Investors head north with new loan curbs

Central bank’s move to ensure a more sustainable property market makes Iskandar Malaysia more attractive now among Singaporeans and expatriates.

Impiana Nusajaya Resort Apartments located in Nusajaya, Iskandar Malaysia.

Property prices in Singapore are showing no signs of abating causing the Monetary Authority of Singapore (MAS) to impose new loan guidelines to prevent a further spike in property prices.

On 5 October, the MAS announced several restrictions to ensure a more sustainable property market.

These include a maximum loan tenure capped at 35 years and lower loan-to-value (LTV) limits for those taking loans beyond 30 years or whose loan period extends beyond the retirement age of 65-years-old.

In the latter, the LTV will be 40 per cent for those with one or more outstanding residential property loans and 60 per cent for those without.

“MAS’ move is part of the Government’s broader aim of avoiding a price bubble and fostering long term stability in the property market,” the MAS said in a statement.

MAS’ move will now make United Overseas Bank (UOB) new 50-year mortgage loan redundant.

Experts say they welcome the MAS’ new guidelines as it may cause Singaporeans to commit beyond their financial means.

“I think it is good that the government tried to put a lid on loan tenure. This is to ensure Singaporeans do not over spend on properties. Without such controls, it is inevitable that some Singaporeans would try to maximise their loans and stretch themselves. So it is prudent for the government to put such controls in place,” said Getty Goh, director at Ascendant Assets Pte Ltd.

Rising property prices

Figures from the Urban Redevelopment Authority (URA) showed that the Private Property Index (PPI) surged by 0.4 per cent in the second quarter to reach an all time high of 206.9 points.

Meanwhile, the HDB Resale Price Index (RPI) increased by 1.3 per cent to reach a record high of 194.0 points in the quarter.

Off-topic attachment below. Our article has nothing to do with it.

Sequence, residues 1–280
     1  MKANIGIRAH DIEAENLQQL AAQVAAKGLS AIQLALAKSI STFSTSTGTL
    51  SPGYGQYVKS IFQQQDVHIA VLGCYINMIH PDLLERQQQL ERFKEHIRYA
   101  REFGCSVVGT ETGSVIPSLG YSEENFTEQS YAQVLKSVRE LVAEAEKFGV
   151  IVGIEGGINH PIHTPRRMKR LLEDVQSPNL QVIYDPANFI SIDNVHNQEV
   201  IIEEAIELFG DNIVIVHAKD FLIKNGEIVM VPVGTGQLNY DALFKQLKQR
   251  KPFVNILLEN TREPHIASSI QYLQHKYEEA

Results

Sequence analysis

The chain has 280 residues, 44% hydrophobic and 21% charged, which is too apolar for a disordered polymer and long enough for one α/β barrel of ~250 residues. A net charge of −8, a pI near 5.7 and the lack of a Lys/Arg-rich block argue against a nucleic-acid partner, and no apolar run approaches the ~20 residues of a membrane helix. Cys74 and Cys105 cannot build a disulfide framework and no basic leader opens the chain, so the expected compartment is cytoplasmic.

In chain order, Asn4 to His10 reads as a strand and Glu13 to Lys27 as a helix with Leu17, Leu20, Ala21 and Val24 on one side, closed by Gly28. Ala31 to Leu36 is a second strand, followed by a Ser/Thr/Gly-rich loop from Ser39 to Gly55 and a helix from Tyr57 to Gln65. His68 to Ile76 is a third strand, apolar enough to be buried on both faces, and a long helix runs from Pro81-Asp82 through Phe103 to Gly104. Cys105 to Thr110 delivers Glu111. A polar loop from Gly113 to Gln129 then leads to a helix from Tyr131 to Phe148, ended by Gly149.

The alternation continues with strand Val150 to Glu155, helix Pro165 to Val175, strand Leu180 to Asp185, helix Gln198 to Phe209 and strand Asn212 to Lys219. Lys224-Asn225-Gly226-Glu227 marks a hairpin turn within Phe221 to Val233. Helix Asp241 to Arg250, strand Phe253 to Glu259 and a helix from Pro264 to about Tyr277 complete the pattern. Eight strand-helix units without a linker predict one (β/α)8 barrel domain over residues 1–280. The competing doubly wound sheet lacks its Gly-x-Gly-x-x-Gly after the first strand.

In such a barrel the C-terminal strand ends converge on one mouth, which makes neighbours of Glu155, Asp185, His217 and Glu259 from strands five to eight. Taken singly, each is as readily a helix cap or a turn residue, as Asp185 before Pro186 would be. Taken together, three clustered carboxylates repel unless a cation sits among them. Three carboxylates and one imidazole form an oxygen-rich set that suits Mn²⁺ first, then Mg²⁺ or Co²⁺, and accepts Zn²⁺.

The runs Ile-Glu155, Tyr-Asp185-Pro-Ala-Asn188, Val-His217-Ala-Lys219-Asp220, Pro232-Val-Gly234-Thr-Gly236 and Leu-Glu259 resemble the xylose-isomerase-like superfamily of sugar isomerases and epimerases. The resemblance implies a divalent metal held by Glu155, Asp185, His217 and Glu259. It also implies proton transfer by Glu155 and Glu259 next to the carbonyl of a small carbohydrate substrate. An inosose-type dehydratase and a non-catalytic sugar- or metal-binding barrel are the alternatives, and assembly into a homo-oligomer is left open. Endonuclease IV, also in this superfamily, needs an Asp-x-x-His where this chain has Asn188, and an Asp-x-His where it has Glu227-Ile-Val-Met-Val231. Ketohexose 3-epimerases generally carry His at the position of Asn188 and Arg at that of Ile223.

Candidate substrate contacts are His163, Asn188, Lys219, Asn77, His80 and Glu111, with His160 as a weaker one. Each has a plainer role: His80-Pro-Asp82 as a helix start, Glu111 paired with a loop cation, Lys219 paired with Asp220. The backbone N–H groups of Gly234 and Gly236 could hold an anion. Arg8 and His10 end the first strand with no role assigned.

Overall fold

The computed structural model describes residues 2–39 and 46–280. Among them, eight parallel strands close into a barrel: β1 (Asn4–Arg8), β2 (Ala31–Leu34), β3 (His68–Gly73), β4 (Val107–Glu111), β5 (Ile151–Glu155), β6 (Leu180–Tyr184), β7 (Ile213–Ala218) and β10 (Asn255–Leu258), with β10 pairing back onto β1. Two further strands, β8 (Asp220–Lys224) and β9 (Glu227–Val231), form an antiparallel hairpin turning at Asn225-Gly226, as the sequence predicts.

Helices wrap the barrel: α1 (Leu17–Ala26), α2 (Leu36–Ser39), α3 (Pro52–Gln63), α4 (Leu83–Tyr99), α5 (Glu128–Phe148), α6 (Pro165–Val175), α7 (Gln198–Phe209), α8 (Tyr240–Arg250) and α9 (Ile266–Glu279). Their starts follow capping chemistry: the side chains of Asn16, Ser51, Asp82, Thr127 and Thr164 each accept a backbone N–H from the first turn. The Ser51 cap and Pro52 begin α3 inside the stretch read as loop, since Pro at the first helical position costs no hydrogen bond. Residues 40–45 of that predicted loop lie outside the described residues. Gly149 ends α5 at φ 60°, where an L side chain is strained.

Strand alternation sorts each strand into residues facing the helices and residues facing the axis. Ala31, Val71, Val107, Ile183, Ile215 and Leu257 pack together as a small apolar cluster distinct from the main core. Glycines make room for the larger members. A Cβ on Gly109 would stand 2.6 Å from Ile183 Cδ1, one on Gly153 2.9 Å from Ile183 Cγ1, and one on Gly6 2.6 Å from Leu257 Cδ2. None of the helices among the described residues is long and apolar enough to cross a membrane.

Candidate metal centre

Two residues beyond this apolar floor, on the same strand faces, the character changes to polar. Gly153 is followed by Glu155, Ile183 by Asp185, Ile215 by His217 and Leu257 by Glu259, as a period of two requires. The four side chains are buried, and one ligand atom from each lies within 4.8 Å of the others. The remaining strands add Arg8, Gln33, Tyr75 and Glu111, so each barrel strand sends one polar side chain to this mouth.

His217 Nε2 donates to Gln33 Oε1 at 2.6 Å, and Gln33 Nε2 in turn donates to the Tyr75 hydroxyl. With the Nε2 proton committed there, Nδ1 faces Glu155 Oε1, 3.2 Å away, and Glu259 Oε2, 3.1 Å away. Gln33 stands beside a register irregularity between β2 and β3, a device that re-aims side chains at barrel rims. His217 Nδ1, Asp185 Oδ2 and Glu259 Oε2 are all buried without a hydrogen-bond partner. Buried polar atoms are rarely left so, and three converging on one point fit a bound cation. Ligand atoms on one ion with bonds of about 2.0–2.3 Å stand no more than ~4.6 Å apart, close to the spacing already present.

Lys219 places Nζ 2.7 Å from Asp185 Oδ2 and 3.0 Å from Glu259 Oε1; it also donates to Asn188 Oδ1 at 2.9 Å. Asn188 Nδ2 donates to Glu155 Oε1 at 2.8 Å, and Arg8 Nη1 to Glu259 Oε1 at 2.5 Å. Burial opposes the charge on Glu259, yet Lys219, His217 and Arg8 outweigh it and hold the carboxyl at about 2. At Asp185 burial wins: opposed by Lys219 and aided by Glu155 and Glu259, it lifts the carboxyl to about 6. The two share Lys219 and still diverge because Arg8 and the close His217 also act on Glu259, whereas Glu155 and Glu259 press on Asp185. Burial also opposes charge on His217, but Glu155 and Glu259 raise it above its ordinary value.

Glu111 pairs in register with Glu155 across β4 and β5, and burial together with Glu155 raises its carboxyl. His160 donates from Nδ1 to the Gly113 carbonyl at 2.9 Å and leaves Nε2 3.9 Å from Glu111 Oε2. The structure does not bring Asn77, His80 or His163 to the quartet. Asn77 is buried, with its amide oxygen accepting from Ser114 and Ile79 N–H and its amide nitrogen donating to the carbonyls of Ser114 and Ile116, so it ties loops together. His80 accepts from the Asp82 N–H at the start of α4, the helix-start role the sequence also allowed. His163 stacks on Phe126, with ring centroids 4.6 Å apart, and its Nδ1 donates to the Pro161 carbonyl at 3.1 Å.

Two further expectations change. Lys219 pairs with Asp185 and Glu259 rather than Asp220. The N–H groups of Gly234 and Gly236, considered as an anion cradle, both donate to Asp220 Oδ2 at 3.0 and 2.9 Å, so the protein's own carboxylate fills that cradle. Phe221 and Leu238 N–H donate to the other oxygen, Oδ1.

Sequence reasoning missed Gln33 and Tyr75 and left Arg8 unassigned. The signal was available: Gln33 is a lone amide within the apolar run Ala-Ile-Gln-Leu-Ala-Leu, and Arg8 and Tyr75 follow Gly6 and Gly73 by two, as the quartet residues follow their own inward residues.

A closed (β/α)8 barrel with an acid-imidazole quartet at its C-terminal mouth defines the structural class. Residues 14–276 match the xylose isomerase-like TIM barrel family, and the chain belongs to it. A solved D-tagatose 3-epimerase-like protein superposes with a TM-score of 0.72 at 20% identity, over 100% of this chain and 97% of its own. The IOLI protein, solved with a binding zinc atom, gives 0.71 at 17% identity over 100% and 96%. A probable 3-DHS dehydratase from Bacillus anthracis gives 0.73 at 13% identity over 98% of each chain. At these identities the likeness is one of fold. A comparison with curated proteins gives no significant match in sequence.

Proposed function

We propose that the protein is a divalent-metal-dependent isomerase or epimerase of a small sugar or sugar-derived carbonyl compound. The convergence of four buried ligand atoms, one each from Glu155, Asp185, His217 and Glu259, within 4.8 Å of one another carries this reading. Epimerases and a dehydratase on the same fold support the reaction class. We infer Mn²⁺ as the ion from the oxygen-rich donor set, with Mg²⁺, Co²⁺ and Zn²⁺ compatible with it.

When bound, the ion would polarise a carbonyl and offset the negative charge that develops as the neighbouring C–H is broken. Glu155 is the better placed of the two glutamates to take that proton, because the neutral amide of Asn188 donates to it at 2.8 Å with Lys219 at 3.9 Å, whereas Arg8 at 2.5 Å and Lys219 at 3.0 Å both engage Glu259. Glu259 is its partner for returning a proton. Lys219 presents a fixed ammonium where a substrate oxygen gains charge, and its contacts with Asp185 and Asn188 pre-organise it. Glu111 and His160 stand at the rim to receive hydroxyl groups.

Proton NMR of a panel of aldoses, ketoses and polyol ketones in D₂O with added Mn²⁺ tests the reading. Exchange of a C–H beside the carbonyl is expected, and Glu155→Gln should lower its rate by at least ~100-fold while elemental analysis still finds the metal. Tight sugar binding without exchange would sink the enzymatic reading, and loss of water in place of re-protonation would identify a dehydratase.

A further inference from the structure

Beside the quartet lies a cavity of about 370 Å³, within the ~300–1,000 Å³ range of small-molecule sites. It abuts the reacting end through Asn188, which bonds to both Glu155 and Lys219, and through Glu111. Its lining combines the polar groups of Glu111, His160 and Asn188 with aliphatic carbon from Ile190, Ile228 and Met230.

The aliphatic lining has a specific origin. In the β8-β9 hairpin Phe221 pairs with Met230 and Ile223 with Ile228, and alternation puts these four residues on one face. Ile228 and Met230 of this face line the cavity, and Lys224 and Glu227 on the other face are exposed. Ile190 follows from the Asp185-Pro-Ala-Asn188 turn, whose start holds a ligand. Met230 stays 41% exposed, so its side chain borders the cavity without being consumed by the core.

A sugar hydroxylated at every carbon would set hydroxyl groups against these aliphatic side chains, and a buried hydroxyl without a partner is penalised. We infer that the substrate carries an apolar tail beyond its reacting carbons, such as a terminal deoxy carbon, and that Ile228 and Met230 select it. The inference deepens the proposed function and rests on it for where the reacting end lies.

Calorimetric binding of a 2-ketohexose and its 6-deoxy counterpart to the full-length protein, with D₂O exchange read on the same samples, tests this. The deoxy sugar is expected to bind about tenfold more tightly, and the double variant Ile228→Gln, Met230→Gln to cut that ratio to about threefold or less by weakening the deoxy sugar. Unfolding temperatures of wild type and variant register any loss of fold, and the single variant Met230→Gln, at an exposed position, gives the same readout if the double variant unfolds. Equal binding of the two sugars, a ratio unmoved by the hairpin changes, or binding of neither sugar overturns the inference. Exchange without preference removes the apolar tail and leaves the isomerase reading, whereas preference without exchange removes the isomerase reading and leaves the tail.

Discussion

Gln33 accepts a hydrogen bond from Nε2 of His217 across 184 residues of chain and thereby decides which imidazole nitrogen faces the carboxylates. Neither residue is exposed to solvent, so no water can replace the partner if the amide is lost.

This is despite the various cooling measures in place since 2010.

Even post the Additional Buyer’s Stamp Duty (ABSD) imposed in December last year, this has not deterred foreigners from buying properties.

Fuelling demand are low interest rates, high liquidity and Singapore’s reputation as a safe investment haven.

Revised loan quantum causing Singaporeans to invest elsewhere

With the loan quantum now reduced to 40 per cent for those wanting to buy a second property, some Singaporeans and expatriates are heading across the causeway where property prices are still affordable.

“The new reduced loan guidelines mean that my option is reduced. I will have to be more selective in my property buying option,” said Jace Moore.

In addition, Moore got as much as 80 per cent loan.

Moore recently bought a condominium unit in Nusajaya, Iskandar Malaysia, just 15 minutes drive away from the Second Link.

“The reason why I bought a unit at Impiana Nusajaya Resort Apartments is because the entire area complements each other. Nusajaya, as a whole concept, is very attractive. You are moving into a village which is self-sufficient, with EduCity, Medini Financial District and LEGOLAND MALAYSIA. You do not get that in other areas,” he said.

By 2018, Nusjaya will enjoy enhanced connectivity to Singapore once the Rapid Transit System (RTS) is in operation by 2018.

This article was first published in Property Buyer

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